New Coach Cavalcade

Clemson Three new coaches entered the ACC this year, taking over programs in various states of disrepair. The toughest job unquestionably belongs to Audra Smith at Clemson. The once-proud Tigers have been in disarray since the latter years of the Jim Davis era and suffered through ineffective stints from Cristy McKinney and Itoro Umoh-Coleman. Smith brings a veteran hand and a reputation for great defensive play, but these Tigers can't score points. They're last in the ACC in scoring at just 58 points per game. And the job of pointing points on the scoreboard won't get easier when the Tigers play ACC teams with the defensive prowess (and length) of Syracuse and North Carolina. Clemson's players have always been long on potential and short on actual production against elite opponents (Exhibit A: Nikki Dixon); they will struggle this year and will continue to struggle until Smith is able to sign the kind of players who will have the talent and aptitude to excel in her system.

Pittsburgh Suzie McConnell-Serio has great credentials and has an excellent chance of quickly rebuilding a Pitt program that fell apart thanks to a slew of transfers and injuries that forced out longtime head coach Agnus Berenato. Pitt's recruiting is already starting to pick up and the Panthers have a legitimate start to build around in Brianna Kiesel. A recent win over McConnell-Serio's most recent former program, Duquesne, provides a note of hope as the Panthers enter ACC play.  They have the capacity to pull off a minor upset or two.

North Carolina State Wes Moore left Chattanooga to take over what many consider to be the sleeping giant of the ACC, NC State. Kelly Harper had a nice start but wasn't able to lure the kind of talent to Raleigh needed to truly compete against the ACC's elite. A lack of institutional support and outdated facilities were both listed as obstacles she couldn't overcome, but the fact of the matter is that her teams played poor defense and were out of shape. Moore has the Wolfpack Women playing a four-in, one-out motion offense, which has allowed talented forward Kody Burke to shine as a rover on offense instead of chaining her to the post. Six-five center Markeisha Gatling is in better shape and a great anchor in the middle for a team that spreads opponents out with three-point shooting and makes great use of a fairly deep bench.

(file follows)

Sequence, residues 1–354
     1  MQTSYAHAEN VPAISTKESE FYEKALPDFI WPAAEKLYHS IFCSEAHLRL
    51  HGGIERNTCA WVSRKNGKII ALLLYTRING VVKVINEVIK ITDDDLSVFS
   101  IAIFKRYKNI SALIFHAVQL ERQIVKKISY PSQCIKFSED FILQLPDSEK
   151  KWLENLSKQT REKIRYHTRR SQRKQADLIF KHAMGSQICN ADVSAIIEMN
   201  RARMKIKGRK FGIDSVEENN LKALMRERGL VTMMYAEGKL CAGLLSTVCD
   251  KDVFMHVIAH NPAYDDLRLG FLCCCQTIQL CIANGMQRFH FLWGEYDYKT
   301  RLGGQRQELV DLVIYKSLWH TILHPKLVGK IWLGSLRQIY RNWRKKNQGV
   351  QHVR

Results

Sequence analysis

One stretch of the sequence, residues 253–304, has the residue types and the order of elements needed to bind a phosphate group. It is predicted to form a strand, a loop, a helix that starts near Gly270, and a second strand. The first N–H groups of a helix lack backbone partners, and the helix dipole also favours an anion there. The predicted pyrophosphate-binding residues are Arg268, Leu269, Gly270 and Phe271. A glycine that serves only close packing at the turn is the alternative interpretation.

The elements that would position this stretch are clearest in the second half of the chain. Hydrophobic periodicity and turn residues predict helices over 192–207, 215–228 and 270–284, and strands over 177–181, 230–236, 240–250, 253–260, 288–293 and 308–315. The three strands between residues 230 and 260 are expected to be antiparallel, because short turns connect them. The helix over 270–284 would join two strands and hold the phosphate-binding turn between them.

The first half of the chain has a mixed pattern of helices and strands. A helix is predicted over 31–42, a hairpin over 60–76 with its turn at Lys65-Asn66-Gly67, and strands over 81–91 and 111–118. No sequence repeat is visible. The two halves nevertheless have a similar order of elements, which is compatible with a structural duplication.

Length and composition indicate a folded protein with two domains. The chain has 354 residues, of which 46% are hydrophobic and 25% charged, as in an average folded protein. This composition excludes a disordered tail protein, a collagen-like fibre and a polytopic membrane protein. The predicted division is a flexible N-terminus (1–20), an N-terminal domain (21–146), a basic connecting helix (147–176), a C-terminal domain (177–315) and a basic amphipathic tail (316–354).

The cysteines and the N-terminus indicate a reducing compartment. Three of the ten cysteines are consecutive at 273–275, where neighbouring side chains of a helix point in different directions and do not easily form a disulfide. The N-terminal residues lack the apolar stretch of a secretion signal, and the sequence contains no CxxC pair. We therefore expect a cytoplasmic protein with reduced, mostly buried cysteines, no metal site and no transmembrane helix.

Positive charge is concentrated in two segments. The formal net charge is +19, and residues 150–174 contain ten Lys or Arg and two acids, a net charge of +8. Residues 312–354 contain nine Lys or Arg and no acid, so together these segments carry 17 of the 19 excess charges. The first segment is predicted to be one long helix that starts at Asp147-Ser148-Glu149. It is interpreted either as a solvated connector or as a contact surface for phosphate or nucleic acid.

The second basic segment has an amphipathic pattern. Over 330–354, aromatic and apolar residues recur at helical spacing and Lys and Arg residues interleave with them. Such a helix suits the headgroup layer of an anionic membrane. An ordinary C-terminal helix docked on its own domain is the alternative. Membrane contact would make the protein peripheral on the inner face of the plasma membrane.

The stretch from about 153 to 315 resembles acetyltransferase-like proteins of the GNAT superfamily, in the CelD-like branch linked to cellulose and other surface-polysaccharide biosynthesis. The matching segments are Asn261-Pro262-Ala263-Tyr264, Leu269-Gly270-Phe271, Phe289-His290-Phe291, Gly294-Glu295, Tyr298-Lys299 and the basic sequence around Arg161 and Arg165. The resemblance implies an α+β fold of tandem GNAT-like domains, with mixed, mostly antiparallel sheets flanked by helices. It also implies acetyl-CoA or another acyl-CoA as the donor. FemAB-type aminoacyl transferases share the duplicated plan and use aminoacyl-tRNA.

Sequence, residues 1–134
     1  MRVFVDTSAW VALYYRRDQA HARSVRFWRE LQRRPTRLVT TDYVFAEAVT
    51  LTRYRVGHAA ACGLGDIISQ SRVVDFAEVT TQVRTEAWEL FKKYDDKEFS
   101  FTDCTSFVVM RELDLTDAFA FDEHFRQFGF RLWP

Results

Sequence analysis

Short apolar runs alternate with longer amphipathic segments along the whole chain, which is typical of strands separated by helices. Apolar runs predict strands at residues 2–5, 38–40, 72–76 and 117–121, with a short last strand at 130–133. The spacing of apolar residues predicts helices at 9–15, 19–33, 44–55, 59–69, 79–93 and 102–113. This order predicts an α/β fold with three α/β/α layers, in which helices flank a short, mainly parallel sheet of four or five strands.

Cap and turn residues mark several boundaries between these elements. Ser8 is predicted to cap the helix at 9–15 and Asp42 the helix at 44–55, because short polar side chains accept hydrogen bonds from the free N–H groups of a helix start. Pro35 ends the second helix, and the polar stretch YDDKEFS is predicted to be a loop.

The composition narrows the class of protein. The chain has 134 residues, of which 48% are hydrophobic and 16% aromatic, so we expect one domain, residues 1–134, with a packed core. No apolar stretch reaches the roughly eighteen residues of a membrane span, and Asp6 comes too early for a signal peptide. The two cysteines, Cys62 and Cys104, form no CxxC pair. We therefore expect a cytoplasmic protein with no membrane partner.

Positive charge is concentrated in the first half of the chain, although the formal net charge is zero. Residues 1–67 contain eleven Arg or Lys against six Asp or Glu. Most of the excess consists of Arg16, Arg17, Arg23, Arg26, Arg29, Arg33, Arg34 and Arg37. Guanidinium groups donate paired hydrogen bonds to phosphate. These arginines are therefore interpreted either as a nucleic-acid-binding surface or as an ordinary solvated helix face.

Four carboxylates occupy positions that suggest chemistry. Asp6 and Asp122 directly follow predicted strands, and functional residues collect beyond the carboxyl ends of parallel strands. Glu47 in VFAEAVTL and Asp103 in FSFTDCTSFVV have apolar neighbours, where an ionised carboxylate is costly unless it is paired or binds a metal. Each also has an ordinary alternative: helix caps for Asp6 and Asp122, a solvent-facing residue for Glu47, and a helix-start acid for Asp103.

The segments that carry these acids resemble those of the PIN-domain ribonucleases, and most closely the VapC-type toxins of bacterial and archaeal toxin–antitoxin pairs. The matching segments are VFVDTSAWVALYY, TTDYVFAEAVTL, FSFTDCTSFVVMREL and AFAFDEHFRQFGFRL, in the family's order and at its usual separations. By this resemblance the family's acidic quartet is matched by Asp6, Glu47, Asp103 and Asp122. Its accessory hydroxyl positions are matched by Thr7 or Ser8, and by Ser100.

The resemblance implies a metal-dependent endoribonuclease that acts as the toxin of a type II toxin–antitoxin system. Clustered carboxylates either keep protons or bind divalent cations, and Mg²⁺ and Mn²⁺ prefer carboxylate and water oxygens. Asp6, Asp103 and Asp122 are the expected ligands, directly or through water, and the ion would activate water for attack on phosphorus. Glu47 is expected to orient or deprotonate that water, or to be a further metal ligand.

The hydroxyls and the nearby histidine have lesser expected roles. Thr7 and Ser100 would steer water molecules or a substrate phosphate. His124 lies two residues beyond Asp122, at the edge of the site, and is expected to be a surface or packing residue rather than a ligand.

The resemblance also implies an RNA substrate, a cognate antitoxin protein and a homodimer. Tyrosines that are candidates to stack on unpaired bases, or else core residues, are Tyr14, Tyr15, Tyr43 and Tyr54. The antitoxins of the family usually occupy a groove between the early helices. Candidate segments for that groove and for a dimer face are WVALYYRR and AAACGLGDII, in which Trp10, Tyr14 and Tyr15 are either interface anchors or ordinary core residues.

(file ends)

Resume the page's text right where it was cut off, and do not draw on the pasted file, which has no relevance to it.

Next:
Where Are We Going?

Boston College It's too early to tell how the other young coaches in the ACC are faring. For example, Boston College's Erik Johnson has gone back to the patterned offense that the Eagles used to excel at during his old boss Cathy Inglese's term as head coach. The Eagles can certainly shoot the ball, but they don't generate offense from defense. Their lack of speed and mediocre rebounding have also been issues. It hasn't helped that BC's post depth has been ravaged due to injuries; the Eagles essentially operate with a seven-woman rotation. In essence, Johnson's players compete until they drop. Their discipline makes them a fun team to watch, but they just don't have the depth or athletes to compete with the top teams in the league at this time.